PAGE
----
NDEAM Awareness Month

October 8, 2020 | News

Held each October, #NDEAM aims to educate about disability employment issues and celebrate the many and varied contributions of America’s workers with disabilities. Throughout the month, we’ll work to educate you on disability employment issues and offer how employers can foster a disability-friendly work culture.


1. Expand Your Talent Pool
Sometimes it seems almost impossible to find qualified candidates for a position. But if you start recruiting individuals with disabilities, it expands your talent pool so that you can find better candidates.
And according to Work Without Limits, a network that aims to increase employment among individuals with disabilities, “Individuals with disabilities represent an untapped candidate pool for businesses. Recruiting and retaining people with disabilities is one approach to counter the effects of the aging and shrinking workforce.”
2. Increase Your Loyal Workforce
People with disabilities want to work, and when they get the opportunity, they stay loyal. And according to a 2007 study from DePaul University, people with disabilities perform just the same as people without:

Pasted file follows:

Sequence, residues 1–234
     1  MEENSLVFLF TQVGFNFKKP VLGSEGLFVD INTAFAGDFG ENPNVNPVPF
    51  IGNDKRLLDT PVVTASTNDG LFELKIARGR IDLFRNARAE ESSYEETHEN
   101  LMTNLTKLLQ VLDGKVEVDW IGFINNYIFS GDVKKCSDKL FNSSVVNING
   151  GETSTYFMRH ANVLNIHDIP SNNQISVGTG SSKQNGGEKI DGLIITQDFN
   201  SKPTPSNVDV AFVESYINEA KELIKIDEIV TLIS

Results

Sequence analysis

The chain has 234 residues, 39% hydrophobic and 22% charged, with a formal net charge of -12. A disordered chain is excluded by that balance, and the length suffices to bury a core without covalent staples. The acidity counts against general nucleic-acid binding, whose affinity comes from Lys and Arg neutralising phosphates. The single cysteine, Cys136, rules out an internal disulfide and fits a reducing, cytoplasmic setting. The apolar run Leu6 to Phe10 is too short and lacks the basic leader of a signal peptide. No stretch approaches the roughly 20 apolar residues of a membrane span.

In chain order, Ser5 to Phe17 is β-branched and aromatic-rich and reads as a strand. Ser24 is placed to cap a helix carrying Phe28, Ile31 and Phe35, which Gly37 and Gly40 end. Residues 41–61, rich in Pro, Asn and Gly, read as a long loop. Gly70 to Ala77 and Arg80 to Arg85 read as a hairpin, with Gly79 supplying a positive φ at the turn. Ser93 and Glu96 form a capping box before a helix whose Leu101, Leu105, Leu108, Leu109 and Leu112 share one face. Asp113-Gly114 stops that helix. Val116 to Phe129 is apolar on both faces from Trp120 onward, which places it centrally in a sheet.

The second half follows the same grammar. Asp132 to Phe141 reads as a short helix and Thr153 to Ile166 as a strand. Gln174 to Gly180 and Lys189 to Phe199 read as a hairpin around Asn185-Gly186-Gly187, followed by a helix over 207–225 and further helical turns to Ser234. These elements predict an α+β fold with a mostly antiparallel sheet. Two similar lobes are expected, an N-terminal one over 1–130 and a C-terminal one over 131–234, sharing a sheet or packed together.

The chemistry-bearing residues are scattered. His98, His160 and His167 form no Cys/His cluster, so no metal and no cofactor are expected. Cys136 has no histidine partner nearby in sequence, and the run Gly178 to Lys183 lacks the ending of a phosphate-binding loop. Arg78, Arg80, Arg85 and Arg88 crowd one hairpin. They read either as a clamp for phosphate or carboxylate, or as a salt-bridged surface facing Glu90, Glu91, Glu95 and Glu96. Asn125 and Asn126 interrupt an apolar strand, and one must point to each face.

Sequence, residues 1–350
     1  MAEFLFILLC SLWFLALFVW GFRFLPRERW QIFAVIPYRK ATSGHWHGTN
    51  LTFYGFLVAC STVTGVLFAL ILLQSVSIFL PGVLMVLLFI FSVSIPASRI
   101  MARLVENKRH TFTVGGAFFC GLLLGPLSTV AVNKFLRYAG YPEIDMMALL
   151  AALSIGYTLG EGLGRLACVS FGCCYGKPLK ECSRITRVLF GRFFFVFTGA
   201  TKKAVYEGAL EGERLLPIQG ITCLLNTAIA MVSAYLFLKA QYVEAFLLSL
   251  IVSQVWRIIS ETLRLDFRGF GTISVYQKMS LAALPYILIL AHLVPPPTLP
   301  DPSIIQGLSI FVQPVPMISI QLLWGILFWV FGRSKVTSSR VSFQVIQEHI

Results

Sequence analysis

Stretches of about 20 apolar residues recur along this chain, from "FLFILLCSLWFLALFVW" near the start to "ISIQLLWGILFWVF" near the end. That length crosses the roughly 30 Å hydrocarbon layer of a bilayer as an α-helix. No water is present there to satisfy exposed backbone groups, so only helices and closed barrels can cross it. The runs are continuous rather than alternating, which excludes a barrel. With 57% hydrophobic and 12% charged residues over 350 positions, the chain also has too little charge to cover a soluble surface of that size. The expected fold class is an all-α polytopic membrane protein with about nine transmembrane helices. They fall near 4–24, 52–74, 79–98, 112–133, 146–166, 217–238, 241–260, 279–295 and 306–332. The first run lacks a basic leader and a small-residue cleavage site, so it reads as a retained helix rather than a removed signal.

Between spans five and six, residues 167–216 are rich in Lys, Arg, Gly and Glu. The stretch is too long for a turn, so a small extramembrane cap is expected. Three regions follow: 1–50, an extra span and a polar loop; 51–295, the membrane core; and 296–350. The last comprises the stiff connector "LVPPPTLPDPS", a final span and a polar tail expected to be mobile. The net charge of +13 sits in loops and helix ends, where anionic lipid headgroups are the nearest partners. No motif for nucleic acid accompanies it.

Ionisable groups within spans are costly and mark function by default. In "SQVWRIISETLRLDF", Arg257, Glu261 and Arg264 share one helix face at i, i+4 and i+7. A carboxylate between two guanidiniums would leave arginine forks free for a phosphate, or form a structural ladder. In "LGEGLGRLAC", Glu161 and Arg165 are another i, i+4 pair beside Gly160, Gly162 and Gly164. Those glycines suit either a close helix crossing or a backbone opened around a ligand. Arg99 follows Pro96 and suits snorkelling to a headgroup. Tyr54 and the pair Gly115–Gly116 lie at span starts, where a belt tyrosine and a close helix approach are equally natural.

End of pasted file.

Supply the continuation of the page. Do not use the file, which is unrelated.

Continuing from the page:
• Participants with disabilities from the retail and hospitality sectors stayed on the job longer than participants without disabilities.
  • Across all sectors, participants with disabilities had fewer scheduled absences than those without disabilities.
  • Retail participants with disabilities had fewer days of unscheduled absences than those without disabilities.
  • Regardless of sector, participants with and without disabilities had nearly identical job performance ratings.
  • The number of worker’s compensation claims of retail participants with and without disabilities was equivalent.
3. Diversity is Good for Business
When people who have diverse experiences work together, they can come up with creative solutions to problems because they have a better understanding of your customer base.
As an added bonus, people with disabilities have additional insight into your customers who have disabilities, which can help you tailor your products and services better. This is especially important in untapped markets where people with disabilities have not been focused on.
Plus, EARN reports, “Customers with disabilities and their families, friends, and associates represent a trillion-dollar market segment. They, like other market segments, purchase products and services from companies that best meet their needs. A large number of Americans also say they prefer to patronize businesses that hire people with disabilities.”